There are always new faces with each running of the Chase for the NASCAR Sprint Cup, and 2015 is certainly no exception.
This year, for example, drivers Paul Menard and Jamie McMurray are each making their first Chase appearances.
But what's really remarkable is that six of the 16 crew chiefs are Chase rookies.
More from FoxSports
New Chase faces atop the box this year include:
Justin Alexander -- Paul Menard, Richard Childress Racing;
Greg Ives -- Dale Earnhardt Jr., Hendrick Motorsports;
Matt McCall -- Jamie McMurray, Chip Ganassi Racing with Felix Sabates;
Cole Pearn -- Martin Truex Jr., Furniture Row Racing;
Billy Scott -- Clint Bowyer, Michael Waltrip Racing; and
Adam Stevens -- Kyle Busch, Joe Gibbs Racing.
So is being in your first Chase as a crew chief a disadvantage? Maybe, maybe not.
"I'm excited, excited to get started," said Stevens, who was Busch's crew chief at Joe Gibbs Racing in the NASCAR XFINITY Series before getting promoted for this year. "The JGR program is strong, so I think that we can have a good showing."
Stevens said having four JGR drivers in the 16-driver field plays into the team's favor, especially in the opening rounds of the Chase.
"It's a huge advantage to have more cars participating," said Stevens in an exclusive interview with FOXSports.com. "If it comes down to the wire, it's an advantage for the company. It might be a disadvantage for an individual team because it's hard to race your teammates as hard as you might need to. For instance, if we were all four at Homestead (racing for the championship), which would be highly unlikely. But at the start of it, it's a big advantage."
While Stevens is part of a four-car fleet, Pearn is the crew chief for the single-car Furniture Row team. He was an engineer on the team when Kurt Busch made the Chase in 2013, so he said he doesn't feel like a rookie this time around.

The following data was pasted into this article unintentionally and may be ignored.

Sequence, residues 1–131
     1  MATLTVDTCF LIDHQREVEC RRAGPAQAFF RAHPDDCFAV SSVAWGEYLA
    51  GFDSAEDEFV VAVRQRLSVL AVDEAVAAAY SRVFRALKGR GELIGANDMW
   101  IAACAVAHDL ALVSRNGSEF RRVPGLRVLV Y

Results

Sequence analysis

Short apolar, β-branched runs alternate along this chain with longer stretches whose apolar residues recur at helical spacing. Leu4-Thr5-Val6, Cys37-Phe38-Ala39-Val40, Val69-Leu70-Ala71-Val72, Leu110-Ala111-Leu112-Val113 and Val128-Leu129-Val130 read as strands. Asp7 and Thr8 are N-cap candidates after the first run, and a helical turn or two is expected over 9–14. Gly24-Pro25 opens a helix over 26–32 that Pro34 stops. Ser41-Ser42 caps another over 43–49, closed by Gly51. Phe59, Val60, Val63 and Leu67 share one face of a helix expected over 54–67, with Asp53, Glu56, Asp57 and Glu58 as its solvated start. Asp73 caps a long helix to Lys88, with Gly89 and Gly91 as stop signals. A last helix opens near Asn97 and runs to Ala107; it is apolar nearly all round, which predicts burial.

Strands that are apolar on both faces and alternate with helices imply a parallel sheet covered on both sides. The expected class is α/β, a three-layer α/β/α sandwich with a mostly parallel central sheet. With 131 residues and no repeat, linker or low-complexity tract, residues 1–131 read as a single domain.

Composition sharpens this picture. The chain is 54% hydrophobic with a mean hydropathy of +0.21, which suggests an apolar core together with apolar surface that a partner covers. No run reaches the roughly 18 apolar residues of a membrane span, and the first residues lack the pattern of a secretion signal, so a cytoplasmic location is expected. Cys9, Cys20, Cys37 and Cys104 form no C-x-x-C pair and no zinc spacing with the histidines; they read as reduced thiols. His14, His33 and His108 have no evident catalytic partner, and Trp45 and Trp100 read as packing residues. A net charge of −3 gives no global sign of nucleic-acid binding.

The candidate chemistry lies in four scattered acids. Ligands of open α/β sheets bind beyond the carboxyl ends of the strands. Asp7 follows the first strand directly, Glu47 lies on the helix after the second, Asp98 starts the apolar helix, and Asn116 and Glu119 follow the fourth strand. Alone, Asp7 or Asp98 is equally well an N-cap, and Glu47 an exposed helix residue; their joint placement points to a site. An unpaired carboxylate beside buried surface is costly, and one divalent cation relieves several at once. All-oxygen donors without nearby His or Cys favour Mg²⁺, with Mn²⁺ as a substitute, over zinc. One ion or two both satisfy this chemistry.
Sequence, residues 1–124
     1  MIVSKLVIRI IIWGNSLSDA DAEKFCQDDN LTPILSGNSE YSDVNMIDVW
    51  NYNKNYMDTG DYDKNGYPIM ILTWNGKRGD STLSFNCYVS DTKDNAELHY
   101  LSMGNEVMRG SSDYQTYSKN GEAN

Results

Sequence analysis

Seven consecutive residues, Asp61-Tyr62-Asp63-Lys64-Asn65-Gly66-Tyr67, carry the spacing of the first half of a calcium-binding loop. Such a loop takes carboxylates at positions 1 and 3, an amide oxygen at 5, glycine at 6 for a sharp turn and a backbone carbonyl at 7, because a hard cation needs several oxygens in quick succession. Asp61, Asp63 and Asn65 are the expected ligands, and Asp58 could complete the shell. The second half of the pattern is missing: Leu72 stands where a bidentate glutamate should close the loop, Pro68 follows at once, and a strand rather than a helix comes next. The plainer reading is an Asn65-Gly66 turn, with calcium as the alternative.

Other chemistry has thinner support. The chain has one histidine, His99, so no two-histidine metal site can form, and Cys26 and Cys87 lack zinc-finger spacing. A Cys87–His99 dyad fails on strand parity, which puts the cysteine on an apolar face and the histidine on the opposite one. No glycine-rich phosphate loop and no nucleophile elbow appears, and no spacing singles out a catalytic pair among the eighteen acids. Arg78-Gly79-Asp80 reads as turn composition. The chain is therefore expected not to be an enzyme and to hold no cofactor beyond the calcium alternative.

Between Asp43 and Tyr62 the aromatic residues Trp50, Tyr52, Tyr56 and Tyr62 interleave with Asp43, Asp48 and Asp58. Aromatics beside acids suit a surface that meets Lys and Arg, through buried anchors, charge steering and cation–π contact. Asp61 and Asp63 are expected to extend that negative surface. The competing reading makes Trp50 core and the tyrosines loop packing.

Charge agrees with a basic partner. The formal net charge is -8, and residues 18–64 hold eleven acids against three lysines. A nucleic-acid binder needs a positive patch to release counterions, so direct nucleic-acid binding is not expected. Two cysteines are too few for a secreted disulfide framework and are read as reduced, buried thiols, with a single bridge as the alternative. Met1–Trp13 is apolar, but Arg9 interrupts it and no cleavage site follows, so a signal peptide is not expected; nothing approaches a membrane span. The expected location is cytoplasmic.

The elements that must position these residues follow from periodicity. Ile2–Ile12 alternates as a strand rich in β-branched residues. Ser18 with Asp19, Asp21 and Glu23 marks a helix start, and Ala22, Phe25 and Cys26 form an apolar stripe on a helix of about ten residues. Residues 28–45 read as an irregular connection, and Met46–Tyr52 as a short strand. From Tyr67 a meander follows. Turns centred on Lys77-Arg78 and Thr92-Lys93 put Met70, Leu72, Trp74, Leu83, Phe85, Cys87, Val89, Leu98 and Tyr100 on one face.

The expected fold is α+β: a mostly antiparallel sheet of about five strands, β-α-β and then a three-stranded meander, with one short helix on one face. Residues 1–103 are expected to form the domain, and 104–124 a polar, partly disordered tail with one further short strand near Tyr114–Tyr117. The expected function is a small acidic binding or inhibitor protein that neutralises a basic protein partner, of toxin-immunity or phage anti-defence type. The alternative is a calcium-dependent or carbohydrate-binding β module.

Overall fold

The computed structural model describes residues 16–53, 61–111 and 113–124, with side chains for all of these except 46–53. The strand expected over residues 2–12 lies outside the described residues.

"At the end of the day, every race is a race, just like we've been doing all year, so I don't think the game changes much from that standpoint," Pearn told FOXSports.com. "But I don't know. Ignorance could be bliss at the same time. So you've got to prepare yourself at the same time, regardless of your experience, and be ready."
Pearn said that all the first-time crew chiefs have plenty of experience in prior jobs within the sport. "It's not like it's your first time from that standpoint," he said.
And on the other side, there's the reigning championship crew chief Rodney Childers, who helped lead Kevin Harvick and the Stewart-Haas Racing team to a title last year in his first year as a crew chief in the Chase.
"I didn't feel like I was at a disadvantage last year at all," said Childers. "But the big thing is, I learned a lot from it and I feel like I can do a lot better job this year than I did last year. Every time you go through a circumstance like that, you learn from it, and these guys will learn a lot in their first year. It's all about having the right team and the right people around you. If they've got that, then they've got a shot also."